Lowering a range receptacle

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Old 09-21-19, 09:22 AM
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Lowering a range receptacle

For a while I have been dealing with a range/oven that cannot be pushed all the way against the wall, it can go as far as 3" off the wall and that's it.

The reason for this is the original rough in of the range receptacle back in the 1960s was too high for the range.

The back of the range, as shown in the picture below, has a recess area for the socket and plug but it's not high enough. So the plug is about 1.5" higher than it needs to be.



Here is a picture of the receptacle after I opened the wall.



Before I opened the wall, my original plan was to relocate the 4-11/16" box lower. I didn't know the box was sitting on top of a 1" conduit coming up through the slab, and where the conduit ends is just where the "bend" in the conduit ends. So if I were to cut the conduit any lower I may end up with an end that's no longer vertical for the box. Plus it will be a challenge to cut the conduit without touching the #6 conductors inside. I already went to the panel and tried pulling the conductors back from that end, no luck at all.

I am not sure if it's PVC or EMT. I think it's EMT but it's caked with wall texture sprays I can't tell for sure.

Then my next idea is to mount a new box like below, onto the stud to the right, and connect the two with a 1" conduit. The problem is I need to create three splices of two #6 conductors in the original box. Is that a problem? Do I use the biggest wire nuts I can find, or do I use three copper split bolts, or are there better ways?

 
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Old 09-21-19, 10:18 AM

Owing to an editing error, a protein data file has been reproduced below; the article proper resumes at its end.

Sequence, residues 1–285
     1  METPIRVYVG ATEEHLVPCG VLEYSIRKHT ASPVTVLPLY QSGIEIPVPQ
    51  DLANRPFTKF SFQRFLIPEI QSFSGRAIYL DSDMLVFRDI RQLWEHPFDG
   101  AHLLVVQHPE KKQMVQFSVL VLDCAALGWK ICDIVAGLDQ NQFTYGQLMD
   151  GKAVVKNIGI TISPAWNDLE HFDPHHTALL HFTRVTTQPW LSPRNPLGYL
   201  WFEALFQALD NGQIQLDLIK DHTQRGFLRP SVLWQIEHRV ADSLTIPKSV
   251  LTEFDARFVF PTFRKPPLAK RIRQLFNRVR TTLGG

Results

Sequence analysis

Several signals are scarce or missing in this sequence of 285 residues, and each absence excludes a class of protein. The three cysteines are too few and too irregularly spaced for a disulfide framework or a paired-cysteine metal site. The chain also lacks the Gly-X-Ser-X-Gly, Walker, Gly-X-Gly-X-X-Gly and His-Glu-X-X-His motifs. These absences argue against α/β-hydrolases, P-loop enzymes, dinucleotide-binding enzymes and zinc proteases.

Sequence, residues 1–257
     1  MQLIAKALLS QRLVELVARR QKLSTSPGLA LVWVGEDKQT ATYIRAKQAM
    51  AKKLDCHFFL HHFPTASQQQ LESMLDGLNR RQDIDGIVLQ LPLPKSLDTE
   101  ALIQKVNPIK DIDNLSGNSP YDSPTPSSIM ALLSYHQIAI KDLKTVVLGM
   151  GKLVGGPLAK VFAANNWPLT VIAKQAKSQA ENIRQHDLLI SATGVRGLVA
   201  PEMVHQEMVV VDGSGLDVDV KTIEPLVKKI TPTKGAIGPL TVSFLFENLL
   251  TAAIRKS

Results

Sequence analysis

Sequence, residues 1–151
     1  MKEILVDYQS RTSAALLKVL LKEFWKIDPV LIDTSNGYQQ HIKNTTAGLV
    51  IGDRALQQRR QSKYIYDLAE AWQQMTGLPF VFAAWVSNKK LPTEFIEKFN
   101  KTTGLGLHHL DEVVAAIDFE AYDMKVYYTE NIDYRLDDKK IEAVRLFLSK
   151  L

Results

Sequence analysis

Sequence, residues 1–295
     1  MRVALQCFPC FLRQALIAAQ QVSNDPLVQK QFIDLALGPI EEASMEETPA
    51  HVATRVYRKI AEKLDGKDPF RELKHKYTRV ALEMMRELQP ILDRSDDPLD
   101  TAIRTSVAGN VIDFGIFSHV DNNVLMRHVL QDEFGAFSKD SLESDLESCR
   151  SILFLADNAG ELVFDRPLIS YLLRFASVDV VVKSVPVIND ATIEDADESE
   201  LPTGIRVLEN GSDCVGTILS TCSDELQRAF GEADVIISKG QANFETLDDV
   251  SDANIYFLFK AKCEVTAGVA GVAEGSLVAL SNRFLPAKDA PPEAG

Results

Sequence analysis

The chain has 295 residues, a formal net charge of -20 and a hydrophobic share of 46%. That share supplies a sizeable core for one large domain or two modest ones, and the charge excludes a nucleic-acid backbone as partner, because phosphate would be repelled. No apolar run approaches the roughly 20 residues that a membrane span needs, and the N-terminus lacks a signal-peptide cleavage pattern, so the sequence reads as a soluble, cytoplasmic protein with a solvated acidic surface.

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That is EMT. Your idea is good.
What's with the straggler metal clad cable ?

Wirenuts that large are a bear to work with.
You may be able to use a pull ell.

The picture shows three types of splices.
I like the type on the right. Compact easy to use. They do need to be taped.

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Old 09-21-19, 10:52 AM
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I also like the idea of converting the existing box to a junction box and installing a new box, but does it have to be fed with conduit? I do see that all other wiring is either in conduit or MC cable. I just think it would be easier to use a short length of NM-B cable unless conduit is a requirement. I would use the big blue wirenuts, never had a problem with them before.

I noticed the MC cable too, it looks like someone accessed 120 volts off the range circuit for something, but that 120 volts would be protected probably at 40 or 50 amps. Not a good situation. I suppose that since the range circuit is in conduit there could be another circuit in the conduit, but the MC cable looks newer so I doubt that is the case.
 
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Old 09-21-19, 01:02 PM
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Can you just take the box off and use a LL fitting to come into the side of it instead of the bottom? Maybe the wires won't be long enough.
 
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Old 09-21-19, 01:05 PM
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The MC cable coming off the top was probably added later. It is two entirely separate circuits with three conductors (one for dishwasher, one for garbage disposer, sharing a neutral on a MBWC). It had to be added later since I don't think garbage disposers were around in the 1950s-1960s?

These three #12 conductors are in the same conduit with the #6 conductors for the range, then they exit the top and run behind the wall to a sink cabinet.

I could use NM-B but the reason to use a short piece of conduit was to stablize the existing box because right now it is sitting on top of the conduit but not fastened to any framing, so you can't move laterally but it can "spin" in place. With a conduit there I would be fixing that too.
 
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Old 09-23-19, 10:38 AM
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right now it is sitting on top of the conduit but not fastened to any framing, so you can't move laterally but it can "spin" in place.

If the box will spin in place the connector isn't tight and the conduit, if used as a ground, isn't providing a reliable path to ground. You need to tighten or replace the connector.
 
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